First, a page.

Comemadre cover[Coffee House Press; 2018]

Tr. by Heather Cleary

Roque Larraquy’s Comemadre is a short novel about heads and about bodies. It explores the fragile space between life and death, unveiling the alienation inherent in both. The throbbing pulse of the book, which ties together its many disparate and overlapping narratives, is a confrontation with the ways that self-realization can also lead to violence and the objectification of others.

The book is split into two primary narratives. The first takes place in Buenos Aires, 1907, and focuses on Doctor Quintana and his associates at the Temperley Sanatorium. Quintana is a character of considerable nuance, difficult to classify, in equal parts admirable and horrifying — a truly human portrait of a complicated individual. The Sanatorium’s owner and founder, Mr. Allomby, is interested in the notion that a head, once severed from the body, can survive for up to nine seconds. He tasks Quintana and the others with the seemingly impossible job of capturing these moments between life and death and interrogating them. Bypassing any semblance of medical ethics, they engage in a series of depraved experiments in search of answers and personal achievement. They focus on beheadings and attempt to extract from these severed heads nine second prophecies into the afterlife.

The bioethical questions in the story reveal the book’s fascination with locating the seed of individual human cruelty — what degree of collateral harm a person is willing to allow. Early in the novel Quintana addresses his medical superior about the moral implications of the experiment, but even as he does so he feels weak and worries about his position:

I’ve just told him that I think it might be necessary to ‘review — for lack of a better term — ethical aspect of the experiment, in the hope that . . . ’ and I feel an urgent need to erase my mouth, grab a scalpel and cut myself a new one, and then start over.

Their conversation continues and the superior responds by celebrating Quintana’s moral inclinations, even as he does nothing to practically address the concern:

“Your colleagues, Quintana . . . Your colleagues . . . None of them came to discuss this with me. They must be wearing out their rosaries right now, wondering whether they’re going to hell or what. You’re different. Trustworthy.”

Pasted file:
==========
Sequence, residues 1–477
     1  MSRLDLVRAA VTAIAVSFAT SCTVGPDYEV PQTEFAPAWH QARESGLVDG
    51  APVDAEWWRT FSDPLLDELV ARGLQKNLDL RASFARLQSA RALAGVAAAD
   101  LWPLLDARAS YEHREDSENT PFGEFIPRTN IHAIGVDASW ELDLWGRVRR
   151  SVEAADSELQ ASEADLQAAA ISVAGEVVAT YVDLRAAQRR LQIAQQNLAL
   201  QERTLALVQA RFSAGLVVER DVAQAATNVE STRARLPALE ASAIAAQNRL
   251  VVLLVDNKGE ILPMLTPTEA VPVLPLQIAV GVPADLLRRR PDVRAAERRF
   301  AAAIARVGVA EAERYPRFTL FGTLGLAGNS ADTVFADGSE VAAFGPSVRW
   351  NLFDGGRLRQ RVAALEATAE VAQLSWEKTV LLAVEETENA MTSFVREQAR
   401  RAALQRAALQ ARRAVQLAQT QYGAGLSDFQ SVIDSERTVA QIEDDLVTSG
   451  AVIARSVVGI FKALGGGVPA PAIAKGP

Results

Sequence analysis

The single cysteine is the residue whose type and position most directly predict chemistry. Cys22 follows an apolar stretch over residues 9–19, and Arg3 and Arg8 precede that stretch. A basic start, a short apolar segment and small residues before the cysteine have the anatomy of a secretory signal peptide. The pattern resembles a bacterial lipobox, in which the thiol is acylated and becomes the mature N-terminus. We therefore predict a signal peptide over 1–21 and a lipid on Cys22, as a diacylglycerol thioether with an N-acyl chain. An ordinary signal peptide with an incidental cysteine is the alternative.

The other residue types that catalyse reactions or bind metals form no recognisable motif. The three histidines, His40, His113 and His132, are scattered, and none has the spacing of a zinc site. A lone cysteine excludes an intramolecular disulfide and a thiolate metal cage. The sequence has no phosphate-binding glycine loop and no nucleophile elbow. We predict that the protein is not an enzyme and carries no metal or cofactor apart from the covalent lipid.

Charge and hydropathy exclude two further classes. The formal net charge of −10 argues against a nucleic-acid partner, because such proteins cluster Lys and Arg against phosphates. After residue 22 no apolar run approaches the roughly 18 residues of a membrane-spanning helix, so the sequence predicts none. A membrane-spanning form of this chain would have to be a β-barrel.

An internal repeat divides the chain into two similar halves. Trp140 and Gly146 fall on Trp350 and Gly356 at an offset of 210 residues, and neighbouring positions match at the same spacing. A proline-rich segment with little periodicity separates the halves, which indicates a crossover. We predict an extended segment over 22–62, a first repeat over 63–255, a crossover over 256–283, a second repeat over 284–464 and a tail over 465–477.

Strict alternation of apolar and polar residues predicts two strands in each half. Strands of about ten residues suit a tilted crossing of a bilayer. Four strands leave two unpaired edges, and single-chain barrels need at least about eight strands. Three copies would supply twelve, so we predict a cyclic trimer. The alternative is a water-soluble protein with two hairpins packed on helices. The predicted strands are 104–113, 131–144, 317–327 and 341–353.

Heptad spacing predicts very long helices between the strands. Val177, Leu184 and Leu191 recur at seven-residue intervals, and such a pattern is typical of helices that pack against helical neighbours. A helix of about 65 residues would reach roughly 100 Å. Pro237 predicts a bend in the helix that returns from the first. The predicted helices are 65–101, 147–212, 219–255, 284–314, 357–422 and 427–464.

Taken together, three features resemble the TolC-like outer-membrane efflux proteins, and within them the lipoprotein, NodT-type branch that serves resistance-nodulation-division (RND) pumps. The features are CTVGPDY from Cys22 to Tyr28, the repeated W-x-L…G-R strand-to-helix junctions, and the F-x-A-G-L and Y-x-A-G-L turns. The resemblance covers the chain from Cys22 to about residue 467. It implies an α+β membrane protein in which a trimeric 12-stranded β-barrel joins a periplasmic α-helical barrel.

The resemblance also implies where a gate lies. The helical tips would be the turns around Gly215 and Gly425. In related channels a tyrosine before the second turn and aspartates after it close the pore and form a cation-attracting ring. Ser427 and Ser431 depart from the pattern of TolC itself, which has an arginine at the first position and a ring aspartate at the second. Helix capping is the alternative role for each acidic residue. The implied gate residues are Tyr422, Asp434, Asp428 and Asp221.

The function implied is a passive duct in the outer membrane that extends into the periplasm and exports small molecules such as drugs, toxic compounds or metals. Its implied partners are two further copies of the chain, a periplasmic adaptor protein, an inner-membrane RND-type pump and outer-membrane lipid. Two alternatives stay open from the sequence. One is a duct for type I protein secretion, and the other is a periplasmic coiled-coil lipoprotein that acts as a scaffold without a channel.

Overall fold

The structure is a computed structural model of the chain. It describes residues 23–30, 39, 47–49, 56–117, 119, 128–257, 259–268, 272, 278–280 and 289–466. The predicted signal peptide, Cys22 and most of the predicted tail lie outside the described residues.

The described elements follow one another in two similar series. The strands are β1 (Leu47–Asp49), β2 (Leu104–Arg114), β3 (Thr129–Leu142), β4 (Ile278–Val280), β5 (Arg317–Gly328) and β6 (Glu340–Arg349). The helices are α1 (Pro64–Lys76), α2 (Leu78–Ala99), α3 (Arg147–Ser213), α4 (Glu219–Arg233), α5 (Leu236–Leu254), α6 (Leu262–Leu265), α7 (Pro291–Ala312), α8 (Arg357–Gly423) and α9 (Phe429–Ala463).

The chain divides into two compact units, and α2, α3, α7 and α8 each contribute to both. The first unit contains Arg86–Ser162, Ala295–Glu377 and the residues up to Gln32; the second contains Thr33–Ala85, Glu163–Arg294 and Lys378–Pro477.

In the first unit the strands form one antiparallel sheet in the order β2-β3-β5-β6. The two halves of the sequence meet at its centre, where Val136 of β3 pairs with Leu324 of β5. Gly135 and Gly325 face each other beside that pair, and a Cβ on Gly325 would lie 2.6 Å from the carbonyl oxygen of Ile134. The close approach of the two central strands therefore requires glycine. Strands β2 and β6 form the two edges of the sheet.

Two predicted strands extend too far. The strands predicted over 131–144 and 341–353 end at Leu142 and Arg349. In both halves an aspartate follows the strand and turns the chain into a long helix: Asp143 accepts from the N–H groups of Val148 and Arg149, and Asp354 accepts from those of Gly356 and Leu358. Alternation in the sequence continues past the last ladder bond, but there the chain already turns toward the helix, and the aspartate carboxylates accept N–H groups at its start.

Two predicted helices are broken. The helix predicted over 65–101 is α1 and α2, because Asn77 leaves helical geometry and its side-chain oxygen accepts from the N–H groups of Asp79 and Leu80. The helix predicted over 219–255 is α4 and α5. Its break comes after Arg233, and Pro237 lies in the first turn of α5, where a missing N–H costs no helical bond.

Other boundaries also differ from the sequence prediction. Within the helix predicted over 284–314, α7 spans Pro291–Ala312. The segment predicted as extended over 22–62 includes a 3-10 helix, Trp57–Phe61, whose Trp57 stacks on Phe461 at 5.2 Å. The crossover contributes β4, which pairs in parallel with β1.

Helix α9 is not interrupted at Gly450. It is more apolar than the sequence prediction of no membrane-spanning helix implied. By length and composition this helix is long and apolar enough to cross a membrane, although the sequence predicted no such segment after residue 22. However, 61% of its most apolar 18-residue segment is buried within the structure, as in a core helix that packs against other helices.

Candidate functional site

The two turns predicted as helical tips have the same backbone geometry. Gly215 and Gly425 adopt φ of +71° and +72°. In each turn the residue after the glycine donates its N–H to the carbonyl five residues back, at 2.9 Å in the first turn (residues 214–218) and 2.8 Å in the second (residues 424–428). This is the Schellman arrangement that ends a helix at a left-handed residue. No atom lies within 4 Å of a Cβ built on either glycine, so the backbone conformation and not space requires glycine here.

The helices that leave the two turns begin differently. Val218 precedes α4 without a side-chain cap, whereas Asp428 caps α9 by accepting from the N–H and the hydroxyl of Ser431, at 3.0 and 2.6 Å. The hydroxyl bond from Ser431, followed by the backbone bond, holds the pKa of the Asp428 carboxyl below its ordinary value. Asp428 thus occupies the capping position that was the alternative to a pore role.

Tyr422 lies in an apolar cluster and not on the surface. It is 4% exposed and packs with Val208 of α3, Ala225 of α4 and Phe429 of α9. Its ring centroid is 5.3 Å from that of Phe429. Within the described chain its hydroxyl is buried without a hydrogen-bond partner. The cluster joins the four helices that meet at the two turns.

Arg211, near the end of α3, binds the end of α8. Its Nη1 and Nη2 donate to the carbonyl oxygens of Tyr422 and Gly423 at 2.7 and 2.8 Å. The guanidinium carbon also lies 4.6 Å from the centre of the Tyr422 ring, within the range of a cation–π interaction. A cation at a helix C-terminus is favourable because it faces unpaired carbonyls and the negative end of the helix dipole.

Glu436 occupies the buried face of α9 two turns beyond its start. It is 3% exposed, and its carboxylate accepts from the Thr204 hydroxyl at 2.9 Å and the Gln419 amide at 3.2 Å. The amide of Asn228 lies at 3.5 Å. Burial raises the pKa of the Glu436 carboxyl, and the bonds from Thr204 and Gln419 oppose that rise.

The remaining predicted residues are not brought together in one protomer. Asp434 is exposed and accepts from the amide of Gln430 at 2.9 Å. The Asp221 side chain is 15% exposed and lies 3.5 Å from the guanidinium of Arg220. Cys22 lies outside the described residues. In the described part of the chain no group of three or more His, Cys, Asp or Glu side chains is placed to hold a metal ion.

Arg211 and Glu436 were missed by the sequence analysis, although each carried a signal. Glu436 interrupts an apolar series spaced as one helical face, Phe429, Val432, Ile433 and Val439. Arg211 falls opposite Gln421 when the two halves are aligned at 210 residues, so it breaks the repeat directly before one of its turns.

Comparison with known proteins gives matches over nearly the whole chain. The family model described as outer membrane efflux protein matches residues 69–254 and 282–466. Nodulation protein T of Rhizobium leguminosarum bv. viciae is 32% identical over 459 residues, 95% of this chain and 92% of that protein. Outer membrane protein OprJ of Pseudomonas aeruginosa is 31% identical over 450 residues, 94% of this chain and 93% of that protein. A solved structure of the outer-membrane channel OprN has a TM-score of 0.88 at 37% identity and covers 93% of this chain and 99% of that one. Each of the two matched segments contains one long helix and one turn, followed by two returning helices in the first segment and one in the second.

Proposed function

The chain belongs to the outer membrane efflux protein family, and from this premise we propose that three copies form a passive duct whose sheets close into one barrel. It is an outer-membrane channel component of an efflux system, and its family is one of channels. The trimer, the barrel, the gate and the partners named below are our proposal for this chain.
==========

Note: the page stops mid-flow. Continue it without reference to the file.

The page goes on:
“Thank you.”

“This business of speculating with the lives of cancer cases is pretty distasteful, wouldn’t you say? I agree. You need mettle, yes, but you can’t rub out the basic emotions that make us men, make us human. When we cut off that first head, that’s when we’ll see who’s who. The one with the steady hand, the one who feels no pity for the patient, that’s who we’ll need to fire. God only knows what he’s capable of.”

As suggested by this dialogue, the novel is not concerned with excoriating particular bad actions, and it would cheapen the text to read it as a mere dystopian warning against particular medical experimentation. The doctors’ cavalier attitude toward their patients’ potential suffering and their willingness to experiment with human bodies illustrates Larraquy’s broader conviction that our capacity for violence is more readily flexible than we like to believe.

As the doctors carry out these experiments, they are competing for position within the Sanatorium’s hierarchy. But they are also contending for the affections of head nurse Menéndez. The pursuit of Menéndez in many ways usurps the more fantastic elements in this first section of the book. Her fate becomes immediate and crucial to the reader. Larraquy achieves this effect by granting access to the grandiose internal narrative of Quintana and his maddening desire for Menéndez. Her story, much like the novel itself, borrows from different genres depending on the particular situation. At times it reads like a romance and, at other times, like a thriller. In the end, her fate is little different from that of the patients in the Sanatorium. Both she and the patients are made objects of the doctors’ insatiable curiosity, and everyone suffers for it.